Homeward Bound

Posted by Rebekah
Jun 27 2010

Flier is on her way home, via Sibutu Passage, Molukka Passage, and Lombok Strait.  With only four torpedoes left, I’m sure they were anxious to get back to home port.

The night that Flier received permission to go home, They threw a victory party with an extensive menu to celebrate their successful patrol.

Thanks to the families of Al Jacobson and James Liddell, we have those menus AND the only known (that I know of at least) drawing of the Flier insignia.  This bears the initials “RM” or so it appears.  That does not match any names in the roster of those that went down.  It makes me wonder who did it.

I think it’s funny that despite the fact that “Flier” is named for a common type of sunfish found all over America, the men designed a sailor-hat wearing fly to be their insignia.

The menu is AMAZING.  Just look at the amount and variety of food.  And this, mind you, is after 40 days at sea.  That menu is made from the LEFTOVER food in their stocks.  Little wonder that the kitchen staff on a submarine were coveted and highly regarded by their crewmates.

Just take a gander at all this food! Chicken a la King, Shrimp Cocktail, Beef Broth, Mashed Potatoes and Gravy, Buttered Corn, Beef Steak, Roasted Pork, Chocolate Cake, Cold Chocolate (I wonder if that was as opposed to Hot Chocolate?) I'm getting hungry just typing this! I do wonder about the music selection and what that means...

The two men named on the menu for their musical selection are being transferred off Flier when they get to port, they just don’t know it yet.

The Flier is heading for Fremantle, the most popular destination for submarines.  Pearl Harbor was nice, but, from what I’ve read, most of the women there were already married, engaged or in a steady relationship.  Most of the eligible Australian men, however, had volunteered for the military and been shipped off to the European and African theaters years before, leaving the girls behind.  Most of the veterans I’ve interviewed said Fremantle and her sister city of Perth were open and welcoming to the American military men, and especially submariners, since they had top secret missions and faced danger on their patrols.  There are many fond memories of these Australian cities I’ve heard, and several stories that stopped abruptly when the veterans realized, in their reminiscing, that their wives and/or children were listening intently. ( “I went to this party at the Swan Hotel and saw this gorgeous brunette across the room and…and…she stayed across the room.  That’s all.”)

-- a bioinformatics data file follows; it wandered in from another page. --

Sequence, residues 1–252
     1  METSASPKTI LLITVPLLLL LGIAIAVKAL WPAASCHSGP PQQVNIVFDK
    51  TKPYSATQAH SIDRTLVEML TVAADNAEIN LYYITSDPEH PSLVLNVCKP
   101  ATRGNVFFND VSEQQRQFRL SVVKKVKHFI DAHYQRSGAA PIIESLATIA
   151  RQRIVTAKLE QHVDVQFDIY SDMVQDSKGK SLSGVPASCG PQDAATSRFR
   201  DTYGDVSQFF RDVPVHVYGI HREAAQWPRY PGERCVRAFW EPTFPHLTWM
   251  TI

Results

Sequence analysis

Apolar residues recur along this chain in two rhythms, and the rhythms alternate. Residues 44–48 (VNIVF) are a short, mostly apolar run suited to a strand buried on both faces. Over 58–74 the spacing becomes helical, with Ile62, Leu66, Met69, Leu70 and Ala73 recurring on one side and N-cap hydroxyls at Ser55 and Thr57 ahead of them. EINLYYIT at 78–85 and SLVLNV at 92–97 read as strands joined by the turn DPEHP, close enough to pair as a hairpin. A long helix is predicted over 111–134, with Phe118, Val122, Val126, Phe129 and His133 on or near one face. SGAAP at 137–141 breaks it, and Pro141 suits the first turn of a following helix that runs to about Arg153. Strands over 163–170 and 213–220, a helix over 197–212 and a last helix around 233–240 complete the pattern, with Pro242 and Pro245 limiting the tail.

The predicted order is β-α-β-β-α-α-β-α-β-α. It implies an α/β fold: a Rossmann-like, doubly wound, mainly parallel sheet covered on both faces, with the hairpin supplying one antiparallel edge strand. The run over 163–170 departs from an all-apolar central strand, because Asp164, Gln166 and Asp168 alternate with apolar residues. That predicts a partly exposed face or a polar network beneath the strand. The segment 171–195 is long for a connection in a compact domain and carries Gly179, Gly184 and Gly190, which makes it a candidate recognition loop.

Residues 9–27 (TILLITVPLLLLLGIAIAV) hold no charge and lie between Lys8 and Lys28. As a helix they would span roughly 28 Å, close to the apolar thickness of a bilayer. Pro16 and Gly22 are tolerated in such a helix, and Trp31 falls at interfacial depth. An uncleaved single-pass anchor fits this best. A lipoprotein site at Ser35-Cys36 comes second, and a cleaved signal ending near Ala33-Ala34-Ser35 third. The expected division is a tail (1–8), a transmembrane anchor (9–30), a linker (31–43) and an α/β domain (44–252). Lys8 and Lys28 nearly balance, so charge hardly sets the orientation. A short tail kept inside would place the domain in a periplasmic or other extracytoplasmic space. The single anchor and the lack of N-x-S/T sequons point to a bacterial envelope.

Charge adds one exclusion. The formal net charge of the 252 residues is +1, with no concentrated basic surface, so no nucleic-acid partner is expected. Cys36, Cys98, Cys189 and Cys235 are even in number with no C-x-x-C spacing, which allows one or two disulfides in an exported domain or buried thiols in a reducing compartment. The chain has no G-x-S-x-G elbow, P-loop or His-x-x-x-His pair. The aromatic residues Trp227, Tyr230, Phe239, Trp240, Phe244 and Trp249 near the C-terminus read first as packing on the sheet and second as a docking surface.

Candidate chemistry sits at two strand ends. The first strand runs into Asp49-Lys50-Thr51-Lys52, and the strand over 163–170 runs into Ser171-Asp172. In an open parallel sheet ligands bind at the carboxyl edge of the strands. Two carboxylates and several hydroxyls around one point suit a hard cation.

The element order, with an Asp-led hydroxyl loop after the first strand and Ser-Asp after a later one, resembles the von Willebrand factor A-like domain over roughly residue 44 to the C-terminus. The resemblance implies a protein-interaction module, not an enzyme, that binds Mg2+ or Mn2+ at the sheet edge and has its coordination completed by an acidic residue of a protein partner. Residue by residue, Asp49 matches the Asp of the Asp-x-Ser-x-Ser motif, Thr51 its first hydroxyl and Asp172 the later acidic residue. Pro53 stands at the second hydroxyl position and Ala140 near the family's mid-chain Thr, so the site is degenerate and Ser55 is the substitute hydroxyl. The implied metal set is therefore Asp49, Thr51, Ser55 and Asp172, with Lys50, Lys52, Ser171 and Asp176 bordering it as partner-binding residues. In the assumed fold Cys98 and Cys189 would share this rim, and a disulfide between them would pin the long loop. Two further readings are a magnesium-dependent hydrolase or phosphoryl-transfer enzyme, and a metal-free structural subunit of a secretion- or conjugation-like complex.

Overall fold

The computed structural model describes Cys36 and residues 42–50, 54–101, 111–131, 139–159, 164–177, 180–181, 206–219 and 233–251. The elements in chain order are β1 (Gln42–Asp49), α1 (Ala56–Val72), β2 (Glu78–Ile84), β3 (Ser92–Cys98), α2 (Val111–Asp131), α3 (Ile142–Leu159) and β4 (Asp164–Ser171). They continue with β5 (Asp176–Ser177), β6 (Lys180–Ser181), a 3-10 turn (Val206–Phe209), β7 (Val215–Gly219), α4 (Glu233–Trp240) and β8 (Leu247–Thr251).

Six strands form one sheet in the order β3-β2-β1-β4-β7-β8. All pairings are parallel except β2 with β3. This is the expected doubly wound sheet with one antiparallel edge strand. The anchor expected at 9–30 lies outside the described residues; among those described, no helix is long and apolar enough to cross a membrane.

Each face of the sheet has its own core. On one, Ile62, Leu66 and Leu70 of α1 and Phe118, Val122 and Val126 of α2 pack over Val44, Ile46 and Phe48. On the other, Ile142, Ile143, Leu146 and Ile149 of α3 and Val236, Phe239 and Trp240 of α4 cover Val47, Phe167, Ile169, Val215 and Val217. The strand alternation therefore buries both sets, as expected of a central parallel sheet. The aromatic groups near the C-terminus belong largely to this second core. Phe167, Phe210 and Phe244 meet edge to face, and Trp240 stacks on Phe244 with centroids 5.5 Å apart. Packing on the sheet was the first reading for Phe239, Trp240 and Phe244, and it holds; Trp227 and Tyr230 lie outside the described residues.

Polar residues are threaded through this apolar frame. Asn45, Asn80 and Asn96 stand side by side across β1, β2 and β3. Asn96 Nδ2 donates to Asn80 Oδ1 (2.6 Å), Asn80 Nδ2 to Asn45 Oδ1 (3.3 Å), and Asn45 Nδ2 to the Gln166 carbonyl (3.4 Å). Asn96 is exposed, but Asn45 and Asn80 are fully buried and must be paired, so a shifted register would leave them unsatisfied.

The book is progressing.  I’m being picky and paranoid about the editing process now, trying to catch every grammatical and content error I can.  I don’t know if it’ll be perfect, but I’m sure trying.

As soon as that’s done, I have to get to work on the information for the temporary exhibit and the memorial book.  And here I thought I was going to have a relaxing summer.  Oh well.  It’s not often one gets to do something like this, help define and tell history on such a personal and close level.  I’m also going to try to update this website soon with information about the temp exhibit and the Memorial service.  Keep watching!

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